Enantiomeric Separation of S-Epichlorohydrin and R-Epichlorohydrin by Capillary Gas Chromatography with FID Detector

DOI: 10.4236/ajac.2016.711069   PDF   HTML   XML   1,521 Downloads   2,282 Views  

Abstract

The aim of this study was to develop a simple and derivatization free method for the Quantification of S-Epichlorohydrin in R-Epichlorohydrin by using a gas chromatography coupled with flame ionization detector (FID). Enantiopure epichlorohydrin was a valuable epoxide key starting material for preparing optically active Rivaroxaban. The enantiomeric separations of S-Epichlorohydrin and R-Epichlorohydrin were achieved on Gamaa-Dex-225 (30 meters × 0.25 mm I.D, 0.25 μm) column with a total run time of 30 min. Nitrogen was used as a carrier gas with constant pressure 25.0 psi. The critical experimental parameters such as, column selection, flow rate, injection volume and diluent were studied and optimized. Excellent correlation coeffient between peak responses and concentrations was >0.9998. The recoveries of S-Epichlorohydrin spiked in R-Epichlorohydrin were in the range from 98.2% to 102.8%. Limit of quantitation for S-Epichlorohydrin was sufficiently lower than limits specified by ICH. The method has validated as per International Conference on Harmonization (ICH) guidelines. A precise, accurate, linear and robust Gas Chromatography method was developed for the quantification of S-Epichlorohydrin in R-Epichlorohydrin for Rivaroxaban.

Share and Cite:

Kumar, C. , Vasa, P. , Kumar, Y. , Aparna, P. and Pratyusha, P. (2016) Enantiomeric Separation of S-Epichlorohydrin and R-Epichlorohydrin by Capillary Gas Chromatography with FID Detector. American Journal of Analytical Chemistry, 7, 772-784. doi: 10.4236/ajac.2016.711069.

1. Introduction

Separation of the enantiomers of chiral drugs has become an important issue in analytical chemistry in recent years, because of differences in the biological activity and pharmacokinetic properties of drug enantiomers [1] [2] . Epichlorohydrin is an organochlorine compound and it is a chiral molecule and exists as R-Epichlorohydrin and S-Epichlorohydrin mentioned in Figure 1(a) and Figure 1(b). Epichlorohydrin is a versatile precursor in the synthesis of many organic compounds. Epichlorohydrin is a colorless, volatile and highly reactive liquid. It is soluble in most organic solvents and slightly soluble in petroleum hydrocarbons and in water [3] . Epichlorohydrin (1-chloro- 2,3-epoxypropane) was used mainly for the manufacture of pharmaceutical products, glycerol, unmodified epoxy resins and to a lesser extent elastomers, water-treatment resins, surfactants, ion exchange resins, plasticizers, dyestuffs, oil emulsifiers, lubricants, and adhesives [4] . Epichlorohydrin has been classified as a probable carcinogen (group A) to human by the International Agency for Research on Cancer (IARC) [5] .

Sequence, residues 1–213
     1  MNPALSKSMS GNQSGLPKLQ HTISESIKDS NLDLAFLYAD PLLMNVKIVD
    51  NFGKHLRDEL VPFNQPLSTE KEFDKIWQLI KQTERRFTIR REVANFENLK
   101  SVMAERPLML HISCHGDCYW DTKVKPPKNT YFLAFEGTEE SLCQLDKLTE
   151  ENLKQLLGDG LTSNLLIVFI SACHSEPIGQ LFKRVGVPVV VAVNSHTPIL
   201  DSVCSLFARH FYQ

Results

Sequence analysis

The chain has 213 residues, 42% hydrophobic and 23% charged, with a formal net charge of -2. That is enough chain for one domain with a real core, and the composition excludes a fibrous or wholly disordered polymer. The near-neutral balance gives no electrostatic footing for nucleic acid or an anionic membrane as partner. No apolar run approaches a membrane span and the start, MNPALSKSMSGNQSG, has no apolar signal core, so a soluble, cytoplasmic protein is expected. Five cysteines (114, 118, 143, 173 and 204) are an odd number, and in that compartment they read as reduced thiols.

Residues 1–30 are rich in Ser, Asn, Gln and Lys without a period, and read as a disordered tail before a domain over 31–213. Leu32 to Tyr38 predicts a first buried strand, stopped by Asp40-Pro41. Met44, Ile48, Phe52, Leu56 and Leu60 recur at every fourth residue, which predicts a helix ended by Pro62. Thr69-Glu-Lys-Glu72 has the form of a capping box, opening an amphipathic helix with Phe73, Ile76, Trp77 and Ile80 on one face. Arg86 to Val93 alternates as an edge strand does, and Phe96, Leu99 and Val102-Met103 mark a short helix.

Rivaroxaban is chemically 5-Chloro-N-({(5S)-2-oxo-3-[4-(3-oxo-4-orpholinyl) phenyl]-1,3-oxzolidin-5-yl}methyl)-2-thiophene-carboxamide with molecular formula C19H18ClN3O5S. Rivaroxaban was used for potent anticoagulant and antithrombotic effects [6] [7] . Rivaroxaban was approved by US Food and Drug Administration (FDA). Gas chromatography is the most commonly used technology for the analysis of Epichlorohydrin. From the literature review there were few analytical methods which have been reported for Epichlorohydrin such as GC methods [8] [9] [10] [11] [12] and GC-MS methods [13] [14] . There was no reported method for the determination of S-Epichlorohydrin in R-Epichlorohydrin by gas chromatographic method for Rivaroxaban. The major objective of the present work is to develop a simple and robust GC method for determination of S-Epichlorohydrin in R-Epichlorohydrin for Rivaroxaban. Hence, a reproducible gas chromatography with FID detector method was developed for the quantitative determination of S-Epichlorohydrin in R-Epichlorohydrin. This method was successfully validated according to the International Conference Harmonization (ICH) guidelines (Validation of Analytical Procedures: Test and Methodology Q2).

2. Experimental

2.1. Materials and Reagents

R-Epichlorohydrin and S-Epichlorohydrin were purchased from Sigma-Aldrich Dich

(a) (b)

Figure 1. (a) Structures of R-Epichlorohydrin; (b) Structures of S-Epichlorohydrin.

loromethane was purchased from Merck, Germany.

2.2. Instruments and Software

A calibrated electronic single pan balance Mettler Toledo. All analysis performed on Agilent 6890 and 7890 modules equipped with FID detectors. Empower-3 software was used for signal monitoring and data processing. Microsoft Excel 2007 was used for analysis of validation results.

2.3. Chromatographic Conditions

The method was developed by using Gamaa-Dex-225 (30 meters × 0.25 mm I.D, 0.25 µm) column. The separation was achieved using an isothermal oven program 50˚C for 30 min. The injector temperature was maintained at 250˚C. Nitrogen was used as a carrier gas with constant pressure 25.0 psi. The detector temperature was maintained at 250˚C. The injection volume was 1.0 μL. Split ratio 1:50 and Runtime was 30.0 min.